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My mate always tells me to remove the germ (the center) from garlic and onions, especially if it's turning green. What are the pros and cons of the germs of these plants?

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i find that for garlic it imparts a bitter flavor so I always remove it. I've never had that problem with onions since I don't let them sit around long enough to sprout. –  Brendan Jan 24 '13 at 17:52

2 Answers 2

up vote 7 down vote accepted

So... I was always taught that you remove it because it's bitter. I generally remove it if it's big enough.

However, there seems to be some contention as to whether this is true (and to what degree it's true). See: http://www.examiner.com/article/remove-the-garlic-germ-few-do-this-anymore and http://ruhlman.com/2011/02/garlic-germ/

In short, there are mixed teachings as to whether you should remove it. But essentially the germ DOES affect the taste of garlic. Some call it bitter, some call it "more garlicky". Ruhlman suggests that if you're hitting it with heat immediately, then there isn't a point in removing it. If he's doing something that will have the garlic sitting around, then he doesn't.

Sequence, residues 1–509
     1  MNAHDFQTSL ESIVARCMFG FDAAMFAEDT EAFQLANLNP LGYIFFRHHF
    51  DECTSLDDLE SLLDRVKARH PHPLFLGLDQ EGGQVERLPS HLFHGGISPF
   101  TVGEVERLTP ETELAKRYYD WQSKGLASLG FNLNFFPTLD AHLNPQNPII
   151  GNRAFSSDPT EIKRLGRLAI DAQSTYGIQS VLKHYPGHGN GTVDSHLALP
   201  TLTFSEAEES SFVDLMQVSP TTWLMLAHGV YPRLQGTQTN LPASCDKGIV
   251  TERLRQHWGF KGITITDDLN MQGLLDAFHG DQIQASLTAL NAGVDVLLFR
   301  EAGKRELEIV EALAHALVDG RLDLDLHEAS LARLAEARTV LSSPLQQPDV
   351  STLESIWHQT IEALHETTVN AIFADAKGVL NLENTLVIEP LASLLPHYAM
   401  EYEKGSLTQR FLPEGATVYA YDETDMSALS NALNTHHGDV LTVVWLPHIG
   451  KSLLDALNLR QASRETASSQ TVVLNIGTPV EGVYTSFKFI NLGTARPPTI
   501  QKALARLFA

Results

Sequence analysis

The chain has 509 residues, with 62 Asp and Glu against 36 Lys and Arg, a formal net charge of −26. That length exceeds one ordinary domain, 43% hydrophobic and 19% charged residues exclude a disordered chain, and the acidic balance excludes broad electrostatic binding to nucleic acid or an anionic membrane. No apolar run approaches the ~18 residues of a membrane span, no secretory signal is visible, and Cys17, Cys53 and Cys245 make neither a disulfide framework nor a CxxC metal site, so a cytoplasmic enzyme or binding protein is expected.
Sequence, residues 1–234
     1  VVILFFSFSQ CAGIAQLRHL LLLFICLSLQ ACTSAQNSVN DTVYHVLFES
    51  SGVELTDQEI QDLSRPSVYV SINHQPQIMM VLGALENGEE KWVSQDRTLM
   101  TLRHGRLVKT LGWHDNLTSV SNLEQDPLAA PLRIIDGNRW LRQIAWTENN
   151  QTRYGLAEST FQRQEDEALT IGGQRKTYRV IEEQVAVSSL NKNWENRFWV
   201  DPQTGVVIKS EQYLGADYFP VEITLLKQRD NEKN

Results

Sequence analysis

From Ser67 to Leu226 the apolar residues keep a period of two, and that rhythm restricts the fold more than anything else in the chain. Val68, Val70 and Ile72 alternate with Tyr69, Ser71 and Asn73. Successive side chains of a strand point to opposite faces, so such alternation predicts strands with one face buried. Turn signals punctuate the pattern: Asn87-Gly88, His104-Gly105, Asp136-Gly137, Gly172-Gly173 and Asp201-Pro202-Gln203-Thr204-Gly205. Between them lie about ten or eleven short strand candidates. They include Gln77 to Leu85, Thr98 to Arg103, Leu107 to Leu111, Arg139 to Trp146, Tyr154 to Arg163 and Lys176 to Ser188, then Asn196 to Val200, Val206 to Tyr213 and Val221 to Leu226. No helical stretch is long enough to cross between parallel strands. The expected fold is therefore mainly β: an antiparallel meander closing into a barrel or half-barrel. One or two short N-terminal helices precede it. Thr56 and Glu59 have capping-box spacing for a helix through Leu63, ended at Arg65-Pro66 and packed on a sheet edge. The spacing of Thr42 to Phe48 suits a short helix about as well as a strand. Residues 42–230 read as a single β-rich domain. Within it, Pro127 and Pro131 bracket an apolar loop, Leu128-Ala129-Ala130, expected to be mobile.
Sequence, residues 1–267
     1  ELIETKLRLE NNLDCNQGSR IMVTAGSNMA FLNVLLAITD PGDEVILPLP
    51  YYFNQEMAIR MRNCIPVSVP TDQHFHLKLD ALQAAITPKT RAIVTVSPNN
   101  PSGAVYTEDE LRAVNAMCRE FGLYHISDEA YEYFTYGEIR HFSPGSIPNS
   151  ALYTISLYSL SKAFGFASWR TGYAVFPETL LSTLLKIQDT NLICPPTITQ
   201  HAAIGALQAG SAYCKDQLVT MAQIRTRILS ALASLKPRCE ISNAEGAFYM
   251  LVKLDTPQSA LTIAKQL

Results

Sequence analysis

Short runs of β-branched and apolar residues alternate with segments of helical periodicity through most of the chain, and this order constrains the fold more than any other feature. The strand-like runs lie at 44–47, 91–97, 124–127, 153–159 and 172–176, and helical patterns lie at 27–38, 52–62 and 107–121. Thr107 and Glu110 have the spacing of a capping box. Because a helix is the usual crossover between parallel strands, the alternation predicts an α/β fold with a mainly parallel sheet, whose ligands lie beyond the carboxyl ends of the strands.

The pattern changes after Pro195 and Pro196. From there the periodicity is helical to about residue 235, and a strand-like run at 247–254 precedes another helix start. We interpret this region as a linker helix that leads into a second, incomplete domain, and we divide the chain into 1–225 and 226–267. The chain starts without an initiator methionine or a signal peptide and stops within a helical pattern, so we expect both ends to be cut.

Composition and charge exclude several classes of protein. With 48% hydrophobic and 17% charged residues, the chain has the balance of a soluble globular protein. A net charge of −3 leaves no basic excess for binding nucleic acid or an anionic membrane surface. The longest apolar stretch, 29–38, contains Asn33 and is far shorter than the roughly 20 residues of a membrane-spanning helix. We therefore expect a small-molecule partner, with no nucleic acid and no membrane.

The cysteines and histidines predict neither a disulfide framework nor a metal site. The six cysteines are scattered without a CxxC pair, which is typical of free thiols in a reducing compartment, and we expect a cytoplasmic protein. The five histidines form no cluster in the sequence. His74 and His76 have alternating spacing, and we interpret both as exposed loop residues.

From this what I'd suggest (and what I'm going to try doing from now on) is to ignore it and if you notice a difference in taste, or more importantly find the result objectionable. then take it out next time. Otherwise don't bother as you won't know the difference.

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"mixed teachings" - the philosophy and divinity of an onion. –  Blessed Geek Jan 25 '13 at 2:36

I always remove mine as I too find it affects the taste of the garlic. However, since I started keeping my garlic in the refrigerator, I've noticed that the garlic keeps much longer and rarely develops green germs.

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